Tyranossaur (UK, dir: Paddy Considine) There’s nothing new in Paddy Considine’s directorial debut, but like so many other British actors who turn to British miserablism in the warzone of poverty and neglect and crime when they step behind the camera, the redemption is all in the characters and the performance. With Peter Mullan as a rage-filled drunk angry at the world but pulled back to human connection by abused middle-class wife Olivia Colman, it’s enough to make it matter.
The Skin I Live In (Spain, dir/scr: Pedro Almodovar) You don’t want to go in to Almodovar’s psycho-sexual melodrama knowing too much—or anything, really—about the characters, the situation or the twisted little plot that unwinds in flashback. Suffice it to say that Almodovar (adapting a novel by Thierry Jonquet) spins his own take of Hitchcock’s Vertigo by way of Eyes Without a Face and his own unique perspective on sexual politics, identity, vengeance and insanity. Wicked stuff: voyeuristic, brutal, emotionally wrought and visually stripped down from Almodovar’s usual fabric party of textures to a clinical-chic austerity. And fun too.
The Day He Arrives (South Korea, dir/scr: Hong Sangsoo) I always forget how funny Hong’s films are until I’m in the middle of their deadpan variations on a by now standard theme of immature, self-involved men and accommodating women fooling themselves into buying into their crap, at least as long as the drinks are being poured. This one, shot digitally in B&W (which gives it a kind of Woody Allen quality), is like Hong abstracted down to his essence and put on endless loop, like “Groundhog Day” as a South Korean mumblecore production: the same friend, restaurant, bar, absent owner, even former student who crosses his path like a stalker in the streets. The only difference: don’t expect any emotion growth from this guy. Kampai!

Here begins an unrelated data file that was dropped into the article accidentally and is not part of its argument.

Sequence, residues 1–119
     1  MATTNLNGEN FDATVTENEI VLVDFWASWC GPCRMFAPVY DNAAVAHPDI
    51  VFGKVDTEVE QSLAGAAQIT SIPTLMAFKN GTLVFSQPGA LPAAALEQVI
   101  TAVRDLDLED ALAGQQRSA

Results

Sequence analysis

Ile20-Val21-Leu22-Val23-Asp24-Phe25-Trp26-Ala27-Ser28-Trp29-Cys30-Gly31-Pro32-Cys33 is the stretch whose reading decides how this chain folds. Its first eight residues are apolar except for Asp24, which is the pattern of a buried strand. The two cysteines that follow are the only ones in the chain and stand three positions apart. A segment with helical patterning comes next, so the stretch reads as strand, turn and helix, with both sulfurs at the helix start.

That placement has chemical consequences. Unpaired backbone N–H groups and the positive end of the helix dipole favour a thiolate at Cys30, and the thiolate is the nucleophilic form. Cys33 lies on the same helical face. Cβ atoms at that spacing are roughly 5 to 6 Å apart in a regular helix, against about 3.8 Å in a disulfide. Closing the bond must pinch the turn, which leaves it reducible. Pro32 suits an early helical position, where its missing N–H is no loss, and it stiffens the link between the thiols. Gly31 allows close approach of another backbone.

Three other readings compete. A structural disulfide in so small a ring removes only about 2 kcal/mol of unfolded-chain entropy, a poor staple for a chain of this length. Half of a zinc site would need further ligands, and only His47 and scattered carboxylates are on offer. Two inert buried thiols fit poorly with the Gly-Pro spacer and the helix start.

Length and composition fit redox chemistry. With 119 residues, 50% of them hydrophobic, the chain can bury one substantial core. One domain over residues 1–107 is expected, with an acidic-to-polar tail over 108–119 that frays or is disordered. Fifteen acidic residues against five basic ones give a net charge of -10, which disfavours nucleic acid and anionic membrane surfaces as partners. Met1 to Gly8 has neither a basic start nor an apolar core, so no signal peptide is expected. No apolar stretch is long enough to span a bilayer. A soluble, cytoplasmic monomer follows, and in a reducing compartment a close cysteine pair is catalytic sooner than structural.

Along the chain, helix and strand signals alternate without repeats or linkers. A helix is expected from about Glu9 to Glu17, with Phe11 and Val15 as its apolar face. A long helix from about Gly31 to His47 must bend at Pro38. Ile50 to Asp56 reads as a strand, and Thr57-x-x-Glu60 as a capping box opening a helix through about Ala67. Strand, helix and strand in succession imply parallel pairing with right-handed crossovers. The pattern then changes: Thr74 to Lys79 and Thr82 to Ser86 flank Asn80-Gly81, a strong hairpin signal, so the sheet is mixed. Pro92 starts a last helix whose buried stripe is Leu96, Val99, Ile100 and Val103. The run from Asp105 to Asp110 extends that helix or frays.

Dendera (Japan, dir: Tengan Daisuke) Though this is described as a sequel to The Ballad of Narayama, it really more of a reaction to the sensibility of the novel and the film through a geriatric Amazon fantasy of old women, abandoned to die in the elements, turned into survivalist warriors who thrive in their barbarian Shangri-la. I love the elemental quality of the film—the snow-covered winter mountains of yesteryear Japan—the ferocity of the vengeance that drives their will to survive, even the grizzled monster mama bear who declares war in the women’s tribe. But director Tengan Daisuke (son of Narayama director Imamura Shohei) never captures the unforgiving cruelty or the otherworldly beauty that defines Narayama and fails to connect with the lives of the women beyond lip service to the fury at being discarded by the village patriarchy. The metaphor of paradise lost as their communal ideal is bent toward revenge overshadows the texture of the life in the mountains and lives recharged as they reconnect with the power of their experience and their abilities. What’s left is a promising idea in search of a director.
White (South Korea, dirs: Kim Sun and Kim Gok) One might expect a twin brother filmmaking team known for radical political films would come up with something more interesting that this familiar collection of J-horror tropes in the catty, competitive world of pre-fab pop groups of the moment. Part ghost story, part cursed song, part nasty catfight for the pin-up position in a girl pop quartet, it’s as conventional as a pop song crafted for instant obsolescence. A couple of eerie images, sure, but even those are beholden to the evergreen J-horror conventions of faces hidden by long hair, bodies with insect-like locomotion and vicious smiles through bloody faces.